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San Antonio will continue preserving land over its sensitive drinking water source as it has for the past 20 years, though a City Council vote Thursday will change the program’s funding source.
City Council voted 9-2 to approve a new structure for the Edwards Aquifer Protection Program (EAPP), which pays landowners not to develop their properties over and upstream of the aquifer’s sensitive recharge zone. Council members in August moved to shift the sales tax that has funded the EAPP for two decades to a $154 million workforce development program in response to the coronavirus pandemic, subject to voter approval.
In place of the sales tax, the most recent version of which voters approved in 2015 for $100 million, the City will fund the EAPP by issuing debt and with annual cash payments from its General Fund. City officials expect those sources will generate $100 million over 10 years.
San Antonio voters will decide in November whether to shift one-eighth of a cent per $1 of sales tax to jobs training. Many on council believe the jobs program is essential to helping residents survive the economic fallout from the pandemic.
“We are facing an emergency,” Mayor Ron Nirenberg said at Thursday’s virtual meeting. “We can’t abandon our neighbors who need help. … Fortunately, we aren’t choosing between the aquifer and our neighbors. We can address the needs of both.”
The vote sets a course for the future of the EAPP. Voters originally passed it in 2000 and renewed it three times, preserving 160,000 acres of sensitive land, more than half the size of San Antonio city limits. Many aquifer advocates resisted changes to the program, which they consider an elegant solution to protecting the aquifer using incentives rather than regulation.
Councilman Roberto Treviño (D1) and Councilman Clayton Perry (D10), who rarely vote in tandem on controversial issues, both voted no on the new funding plan.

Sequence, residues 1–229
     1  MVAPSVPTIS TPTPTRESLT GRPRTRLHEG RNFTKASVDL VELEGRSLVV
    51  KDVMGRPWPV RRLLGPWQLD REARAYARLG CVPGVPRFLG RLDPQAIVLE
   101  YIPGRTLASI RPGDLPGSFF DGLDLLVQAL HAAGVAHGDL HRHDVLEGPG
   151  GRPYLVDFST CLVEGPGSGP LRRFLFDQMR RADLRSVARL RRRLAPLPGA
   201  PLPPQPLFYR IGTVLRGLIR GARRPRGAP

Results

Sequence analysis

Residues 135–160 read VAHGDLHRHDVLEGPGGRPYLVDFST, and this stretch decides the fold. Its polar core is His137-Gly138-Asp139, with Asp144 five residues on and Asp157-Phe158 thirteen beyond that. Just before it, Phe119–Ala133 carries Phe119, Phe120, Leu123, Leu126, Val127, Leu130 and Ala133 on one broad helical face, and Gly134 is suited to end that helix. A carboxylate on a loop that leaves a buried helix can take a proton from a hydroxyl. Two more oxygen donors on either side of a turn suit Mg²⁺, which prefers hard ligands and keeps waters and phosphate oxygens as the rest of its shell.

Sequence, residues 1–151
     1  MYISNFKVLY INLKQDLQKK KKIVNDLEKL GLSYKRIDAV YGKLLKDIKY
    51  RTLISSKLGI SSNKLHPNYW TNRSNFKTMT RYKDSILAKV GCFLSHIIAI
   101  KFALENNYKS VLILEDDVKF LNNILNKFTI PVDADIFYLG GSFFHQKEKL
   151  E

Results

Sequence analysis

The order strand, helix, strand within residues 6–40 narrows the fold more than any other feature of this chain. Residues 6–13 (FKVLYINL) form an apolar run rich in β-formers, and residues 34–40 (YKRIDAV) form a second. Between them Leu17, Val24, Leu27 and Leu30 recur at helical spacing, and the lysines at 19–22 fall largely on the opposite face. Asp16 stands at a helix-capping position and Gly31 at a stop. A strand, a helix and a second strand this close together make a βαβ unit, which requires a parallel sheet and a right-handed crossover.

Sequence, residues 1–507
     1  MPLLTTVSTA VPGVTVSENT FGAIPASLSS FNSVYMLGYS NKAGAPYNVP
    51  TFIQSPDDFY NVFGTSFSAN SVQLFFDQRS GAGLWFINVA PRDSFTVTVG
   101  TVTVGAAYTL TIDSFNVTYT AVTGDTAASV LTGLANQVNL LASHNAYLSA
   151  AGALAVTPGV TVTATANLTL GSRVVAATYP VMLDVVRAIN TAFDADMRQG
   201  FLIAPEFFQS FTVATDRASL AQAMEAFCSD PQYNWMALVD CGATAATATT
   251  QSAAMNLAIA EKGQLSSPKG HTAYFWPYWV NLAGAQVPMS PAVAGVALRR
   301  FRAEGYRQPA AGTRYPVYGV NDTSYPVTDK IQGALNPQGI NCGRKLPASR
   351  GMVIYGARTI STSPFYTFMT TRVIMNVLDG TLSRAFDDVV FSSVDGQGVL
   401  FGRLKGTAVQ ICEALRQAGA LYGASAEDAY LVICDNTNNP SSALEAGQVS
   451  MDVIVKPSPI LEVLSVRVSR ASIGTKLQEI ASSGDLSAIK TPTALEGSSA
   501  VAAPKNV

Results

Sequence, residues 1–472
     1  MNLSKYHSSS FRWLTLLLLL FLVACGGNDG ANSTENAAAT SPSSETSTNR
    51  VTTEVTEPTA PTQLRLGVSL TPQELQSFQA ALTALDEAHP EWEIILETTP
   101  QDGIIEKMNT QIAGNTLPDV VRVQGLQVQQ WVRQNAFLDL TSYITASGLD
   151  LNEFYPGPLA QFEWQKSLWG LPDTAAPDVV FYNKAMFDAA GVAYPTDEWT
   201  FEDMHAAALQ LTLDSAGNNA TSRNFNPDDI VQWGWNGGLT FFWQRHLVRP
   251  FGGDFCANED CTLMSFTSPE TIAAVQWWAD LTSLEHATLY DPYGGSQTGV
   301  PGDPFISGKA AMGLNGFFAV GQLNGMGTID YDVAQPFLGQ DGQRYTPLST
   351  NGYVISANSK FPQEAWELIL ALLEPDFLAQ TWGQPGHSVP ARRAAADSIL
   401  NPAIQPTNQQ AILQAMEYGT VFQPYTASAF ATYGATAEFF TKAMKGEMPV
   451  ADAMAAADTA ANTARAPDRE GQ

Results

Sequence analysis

Councilman Manny Pelaez (D8), who voted for the new structure, said he has been “getting a lot of heat” from residents who want to see the EAPP unchanged, though he’s found that many don’t understand how it actually works.
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“What we do is we take sales tax dollars and then we send them out of county to pay ranchers to continue doing what they’ve always done,” Pelaez said. “It really does blow a lot of peoples’ minds that’s what the Edwards Aquifer Protection Program is.”
For Councilwoman Ana Sandoval (D7), “this die was cast in August” when the council voted to put the sales tax-funded workforce development program on the ballot in November. If voters don’t approve it, the soonest City Council could vote to shift the sales tax back to the aquifer would be in May 2022, according to City Attorney Andy Segovia.
“I certainly don’t want to take that risk with this program,” Sandoval said. “I think we have a solution to find funding for it now.”
The City will continue collecting sales tax money for aquifer protection until reaching the $100 million cap in spring 2021, Chief Financial Officer Ben Gorzell said. At that point, the City will have $20 million remaining to carry the EAPP through 2022. The new system would start in 2023.
In voting against the plan, Treviño said he had heard an outcry from residents who wanted to keep the EAPP in place. Both he and Perry said they saw no need to vote on it only a week after Gorzell laid out details in a Sept. 10 briefing.
On Thursday, Gorzell, whose department oversees City-owned utilities, said “there would be no rate increase required by SAWS to support this program.” Perry was skeptical, citing the City’s move last August to take a greater share of SAWS’ revenue, bringing in an additional approximately $10 million in 2020.
“That will accelerate a rate increase; I don’t care how you look at it,” Perry said.
Ahead of the vote, many on council sought assurances about the continued expansion of San Antonio’s popular network of linear creekway trails, now stretching approximately 80 miles. The 2015 sales tax propositions approved by voters included $80 million in trail funding.
On March 10, before the coronavirus ravaged local budgets, Bexar County Commissioners voted to include more than $240 million in their fiscal year 2021 budget for what the County called the “Bexar County River and Creek Program.” However, the program was not included in the County’s fiscal year 2021 budget passed Tuesday.
But in a Wednesday letter to Nirenberg, Bexar County Judge Nelson Wolff committed to securing trail funding. Wolff said he is “particularly supportive of the Westside and Southside creeks projects, which have been neglected for many years.”
“COVID-19 has adversely affected our community and Bexar County, causing us to temporarily halt our plans in moving forward with this project,” Wolff wrote. “There have been some concerns that this means Bexar County has permanently shelved this proposal. That’s not true. Due to the current financial uncertainties, we’re waiting until April 2021 to identify funding opportunities available for this project.”